Just like daddy

Published 12:00 am Friday, January 9, 2004

Sports Center owner Wade Craig would be happy to tell you about the constant ebb and flow of the outdoor business.

Ask him to explain what trends have flourished or what fads have floundered, and Craig could begin at chapter one.

&uot;Going back 25 years ago the youth market was poorly addressed, but now there is an entire market for them,&uot; Craig said.

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Similarly, brands are finally finding their places among another, traditionally ignored, demographic: women.

Companies such as Mossy Oak and Browning that supply outdoor products and apparel to stores, such as Craig’s, are now tailoring shirts, pants, jackets, etc. to fit the female figure.

&uot;Our staff has noticed it. A lot of times (women) will walk in the store in their camo clothing,&uot; Craig said. &uot;They’re either coming out of the woods or heading into them.&uot;

A behavior that many feel is relatively new, shows no signs of letting up. In fact, as more and more fathers have taken their daughters hunting, the phenomenon has been nurtured into a habit.

Craig and area hunters said it used to be strictly sons with their fathers storming the woods, while the mothers and daughters held down the fort.

&uot;Once someone can introduce (women) properly to the sport they begin to like it,&uot; said Becky Nicosia, an avid hunter in Adams County and lifetime member of the NRA. &uot;When they can get custom fitted for all their equipment I think it becomes more enjoyable.&uot;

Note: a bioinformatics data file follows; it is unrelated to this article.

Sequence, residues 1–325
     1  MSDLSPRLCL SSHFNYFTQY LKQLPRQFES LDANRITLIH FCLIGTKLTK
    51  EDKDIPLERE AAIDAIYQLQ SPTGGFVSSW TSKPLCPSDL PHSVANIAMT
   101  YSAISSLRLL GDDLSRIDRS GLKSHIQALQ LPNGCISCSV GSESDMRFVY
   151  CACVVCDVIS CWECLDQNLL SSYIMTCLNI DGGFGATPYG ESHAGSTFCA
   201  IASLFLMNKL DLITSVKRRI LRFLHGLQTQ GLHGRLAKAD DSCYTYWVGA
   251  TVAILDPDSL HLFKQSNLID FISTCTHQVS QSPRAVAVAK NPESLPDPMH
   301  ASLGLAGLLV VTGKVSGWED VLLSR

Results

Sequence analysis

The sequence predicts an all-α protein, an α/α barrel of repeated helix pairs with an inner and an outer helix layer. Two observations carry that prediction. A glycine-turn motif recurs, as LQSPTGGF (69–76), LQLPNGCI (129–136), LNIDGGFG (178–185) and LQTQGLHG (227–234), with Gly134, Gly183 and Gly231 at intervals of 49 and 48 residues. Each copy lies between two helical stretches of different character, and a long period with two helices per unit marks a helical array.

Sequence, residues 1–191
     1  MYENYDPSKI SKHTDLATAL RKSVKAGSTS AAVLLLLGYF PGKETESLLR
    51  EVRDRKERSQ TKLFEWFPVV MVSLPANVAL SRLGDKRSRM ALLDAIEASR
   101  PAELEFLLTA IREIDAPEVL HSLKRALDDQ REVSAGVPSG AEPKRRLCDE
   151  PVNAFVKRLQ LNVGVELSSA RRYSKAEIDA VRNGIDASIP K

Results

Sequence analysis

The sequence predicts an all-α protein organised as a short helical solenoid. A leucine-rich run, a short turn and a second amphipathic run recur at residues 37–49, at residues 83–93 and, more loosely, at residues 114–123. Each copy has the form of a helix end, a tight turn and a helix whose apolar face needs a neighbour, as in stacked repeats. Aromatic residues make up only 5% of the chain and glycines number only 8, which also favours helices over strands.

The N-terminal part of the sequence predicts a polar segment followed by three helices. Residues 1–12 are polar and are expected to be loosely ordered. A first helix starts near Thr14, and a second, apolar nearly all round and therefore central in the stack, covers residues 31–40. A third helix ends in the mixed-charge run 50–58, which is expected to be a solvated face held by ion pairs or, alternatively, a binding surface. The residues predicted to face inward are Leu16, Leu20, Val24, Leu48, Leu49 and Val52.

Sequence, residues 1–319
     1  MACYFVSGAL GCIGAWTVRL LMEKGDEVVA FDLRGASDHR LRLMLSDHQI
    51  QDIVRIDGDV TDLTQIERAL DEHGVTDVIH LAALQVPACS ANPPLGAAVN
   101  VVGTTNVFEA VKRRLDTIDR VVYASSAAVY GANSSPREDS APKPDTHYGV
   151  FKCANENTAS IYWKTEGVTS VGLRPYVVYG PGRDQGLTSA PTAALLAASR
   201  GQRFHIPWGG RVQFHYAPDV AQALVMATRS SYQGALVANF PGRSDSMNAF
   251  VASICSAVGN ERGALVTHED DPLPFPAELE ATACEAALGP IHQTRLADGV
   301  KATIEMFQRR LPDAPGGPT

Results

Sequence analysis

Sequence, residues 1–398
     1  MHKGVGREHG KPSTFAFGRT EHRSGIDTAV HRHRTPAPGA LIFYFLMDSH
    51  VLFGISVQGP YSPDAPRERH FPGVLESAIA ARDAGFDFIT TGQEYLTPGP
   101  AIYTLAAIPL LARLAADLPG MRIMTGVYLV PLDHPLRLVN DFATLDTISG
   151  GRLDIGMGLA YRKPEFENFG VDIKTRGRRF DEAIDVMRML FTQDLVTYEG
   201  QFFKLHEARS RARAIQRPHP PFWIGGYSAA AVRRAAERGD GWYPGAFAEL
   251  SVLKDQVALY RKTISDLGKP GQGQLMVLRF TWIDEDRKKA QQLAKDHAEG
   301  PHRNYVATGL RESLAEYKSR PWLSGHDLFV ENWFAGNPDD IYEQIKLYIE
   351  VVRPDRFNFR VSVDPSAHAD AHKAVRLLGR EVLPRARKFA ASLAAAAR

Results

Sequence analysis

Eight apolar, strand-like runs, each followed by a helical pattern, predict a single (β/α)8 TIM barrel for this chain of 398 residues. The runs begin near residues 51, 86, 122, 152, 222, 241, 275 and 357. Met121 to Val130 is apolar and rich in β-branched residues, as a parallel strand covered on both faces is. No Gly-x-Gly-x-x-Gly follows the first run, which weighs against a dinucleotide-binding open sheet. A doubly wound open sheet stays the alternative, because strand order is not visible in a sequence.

Craig said it is hard to pinpoint an exact date of when women’s interest in hunting started to step out of the shadows.

However, he is quite positive that for the last decade the orders he puts in for women’s clothing each hunting season continue to rise.

&uot;The thing about hunting with girls is they are a lot more patient than guys are,&uot; said Jeff Netterville, whose two daughters Summer Katelyn and Addie Grace hunt. &uot;My oldest daughter saw a 7-point running a doe and I said, ‘Shoot it!’ and she said, ‘No daddy, that’s too small.’ What kind of 16- year-old does that?&uot;

Summer Katelyn, a 10th-grader at Trinity Episcopal, has a right to be a bit picky.

At 8 she harvested an 8-point buck. These winter weekend mornings are her moments to have her father all to herself.

&uot;I don’t get a lot of time to hang out with him (Jeff Netterville) during school,&uot; Summer Katelyn said. &uot;That’s mostly our time to talk about things and be together.&uot;

Reagan White shares the same sentiments with daughter Taylor, 8, who harvested her first buck &045; an 8-point, as well &045; a year ago today.

&uot;At first she was acting like she couldn’t do it,&uot; Reagan White said. &uot;But she finally got the nerve, took her time and made a perfect shot. She was walking on air after that.&uot;

Just 11 years old, Hannah Gordon, a fifth-grader at Cathedral, has already seen and shot her share of deer.

While harvesting doe and a 6-point before, Hannah best trophy as to date is a 9-point she killed earlier this season.

&uot;I’ll get started and wait on a deer to come out,&uot; she said. &uot;I make sure it’s what I want. If it’s a smaller buck, I’ll pass it up.&uot;

Craig said: &uot;It’s not just a passive thing. (Women have) got a lot of product knowledge. They know what they’re looking for.&uot;

Jeff Netterville believes, for his daughters at least, hunting serves as a release. With undue stress mounting from the likes of school and athletics, letting their lungs soak in some refreshing air on a hunt is soothing.

&uot;You never know when they’re going to be ready to go. It depends on the child,&uot; Jeff Netterville said. &uot;They’ll pretty much let you know when they’re ready. They’re not as trigger happy as boys. They enjoy hunting and being in the outdoors.&uot;